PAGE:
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Alex Timmons, left, and Robyn MacMillan, students at Colonel Gray High School, help sell Eco-smoothies as part of a economics class project.
When the lunch bell rang Monday at noon at Colonel Gray High School, students quickly filled the hallway to check out a smooth new business venture.
Eco-smoothie is part of a P.E.I. Co-op Council Youth Co-operative project for Grade 12 economic students.
The "eco" comes from being a part of the economics curriculum, but also because the smoothies are ecologically friendly and affordable.
The Prince Edward Island Co-operative Council (PEICO) was pleased with the progress made in such a short period of time on the pilot program launched two-weeks ago at the high school in Charlottetown. As part of its mandate to celebrate the International Year of Co-operatives, the PEICO had been exploring various options in engaging youth and raising awareness of the co-operative sector and business principles among today’s young people.
“The idea was to attempt to create something that could potentially be an ongoing learning experience with practical elements based on a co-operative model,” said Todd MacEwen, the communications director of PEICO.
The Grade 12 economics class was presented with the guidelines of co-op formation and some in-class sessions about functions of a co-operative. The students then took the idea from there. They appointed a board of directors who were given tasks to create committees who worked on areas such as research and development, advertising, promotions and finances.
The economic students put together a few trial runs of the smoothies to see which flavours would be most popular.
The project was run entirely by the students, with a little bit of help from their economics teacher, Kevin MacLeod.
“To enhance the curriculum in economics 621A, we introduced this project-based learning experience for the 34 students involved to form a co-operative. We had to establish a bank account and we had some guest speakers come in to talk about advantages of the co-op, and as a business organization,” MacLeod said as students passed by drinking their chocolate and berry Eco-smoothies.
Grade 12 student John Rix was appointed president of the board of directors and helped draft the policies that he hopes will act as a legacy for the next group of students who will attend the school in September.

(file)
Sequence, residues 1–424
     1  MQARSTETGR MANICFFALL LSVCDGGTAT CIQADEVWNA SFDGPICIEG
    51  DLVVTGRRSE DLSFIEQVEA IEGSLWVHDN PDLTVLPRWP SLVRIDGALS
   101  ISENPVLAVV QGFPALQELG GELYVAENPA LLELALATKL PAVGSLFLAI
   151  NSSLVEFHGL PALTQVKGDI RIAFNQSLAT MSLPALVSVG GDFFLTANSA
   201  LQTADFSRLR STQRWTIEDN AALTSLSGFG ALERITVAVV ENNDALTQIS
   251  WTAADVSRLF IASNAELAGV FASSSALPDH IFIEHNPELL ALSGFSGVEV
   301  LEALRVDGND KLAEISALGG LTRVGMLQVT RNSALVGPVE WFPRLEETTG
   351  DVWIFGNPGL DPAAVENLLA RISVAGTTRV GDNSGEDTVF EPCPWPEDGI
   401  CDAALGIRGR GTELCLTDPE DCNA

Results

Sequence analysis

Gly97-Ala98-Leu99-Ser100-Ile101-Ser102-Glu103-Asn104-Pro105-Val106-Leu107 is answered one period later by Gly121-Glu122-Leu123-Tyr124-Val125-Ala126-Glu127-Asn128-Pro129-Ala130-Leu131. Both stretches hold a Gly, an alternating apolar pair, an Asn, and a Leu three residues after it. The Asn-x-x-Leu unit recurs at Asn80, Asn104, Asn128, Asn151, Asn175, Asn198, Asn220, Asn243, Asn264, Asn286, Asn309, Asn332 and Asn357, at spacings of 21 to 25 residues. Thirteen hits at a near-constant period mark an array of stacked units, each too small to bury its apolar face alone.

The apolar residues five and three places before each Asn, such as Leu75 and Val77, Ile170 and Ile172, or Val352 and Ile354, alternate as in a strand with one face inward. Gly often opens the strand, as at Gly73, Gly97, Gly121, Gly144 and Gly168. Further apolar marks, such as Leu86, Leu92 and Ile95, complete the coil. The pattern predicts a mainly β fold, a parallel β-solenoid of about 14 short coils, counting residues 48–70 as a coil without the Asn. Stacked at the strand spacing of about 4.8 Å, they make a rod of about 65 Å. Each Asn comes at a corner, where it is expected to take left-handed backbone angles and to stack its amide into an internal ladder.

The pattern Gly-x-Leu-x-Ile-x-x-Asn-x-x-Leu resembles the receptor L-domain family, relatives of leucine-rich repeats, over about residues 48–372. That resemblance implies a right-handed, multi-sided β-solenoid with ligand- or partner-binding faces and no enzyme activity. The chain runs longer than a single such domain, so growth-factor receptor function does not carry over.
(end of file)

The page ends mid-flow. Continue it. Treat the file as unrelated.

“What better way to learn about macro-economics then to open your own business? So I guess it took over the course, it was our biggest project,” said Rix.
“It teaches a lot of fundamentals to opening your own business and it’s actually not as easy as you think it is. We went into this thinking it would be really easy but there were a few bumps in the road, like waiting for a health inspector,” Rix said.
Among the policies developed by the ECO-Smoothies Co-op, striving to attain and maintain all aspects of being “green” was a major component of the business. The students purchased locally and from other co-operatives to satisfy their business needs whenever possible.
To achieve those goals, compostable cups and lids had been sourced from Samuel’s Coffee House in Summerside. Dairy products and fruit came from ADL and the Walker Drive retail Co-op.
MacLeod said every economics student earn a portion of the profit through a $10 membership.
“A portion will also go to the business because we hope to bring this back next year,” he said.
Rix said the students wanted to put their portions of the sales towards next year’s business or towards the safe grad program.
“A highlight of the project was definitely seeing how much money we were going to make on the first day. We didn’t think we would make that much, we made $103.”
MacEwen said the students accomplished their goals and it was very impressive to follow.
“The idea of being presented with a business model and applying those ideas in a practical fashion is not only a great reinforcement, but hopefully something a lot of the students can draw upon in the future,” he said.
Three flavours of Eco-smoothies are on sale for $2.50 cents each and will be available for the remainder of the school year.